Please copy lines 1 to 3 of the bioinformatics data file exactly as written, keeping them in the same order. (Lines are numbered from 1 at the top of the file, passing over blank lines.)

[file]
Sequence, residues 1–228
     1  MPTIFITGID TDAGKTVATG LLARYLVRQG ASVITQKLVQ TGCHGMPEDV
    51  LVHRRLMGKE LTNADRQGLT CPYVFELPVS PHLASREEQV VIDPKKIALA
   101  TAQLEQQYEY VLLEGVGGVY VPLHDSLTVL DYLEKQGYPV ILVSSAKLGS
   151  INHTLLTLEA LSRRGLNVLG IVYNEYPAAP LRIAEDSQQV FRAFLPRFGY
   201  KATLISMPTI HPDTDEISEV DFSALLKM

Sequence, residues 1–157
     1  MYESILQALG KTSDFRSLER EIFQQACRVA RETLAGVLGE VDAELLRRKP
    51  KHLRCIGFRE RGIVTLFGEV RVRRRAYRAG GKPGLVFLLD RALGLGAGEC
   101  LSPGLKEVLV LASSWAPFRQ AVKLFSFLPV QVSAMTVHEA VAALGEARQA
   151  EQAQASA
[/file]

Sequence, residues 1–228
     1  MPTIFITGID TDAGKTVATG LLARYLVRQG ASVITQKLVQ TGCHGMPEDV
    51  LVHRRLMGKE LTNADRQGLT CPYVFELPVS PHLASREEQV VIDPKKIALA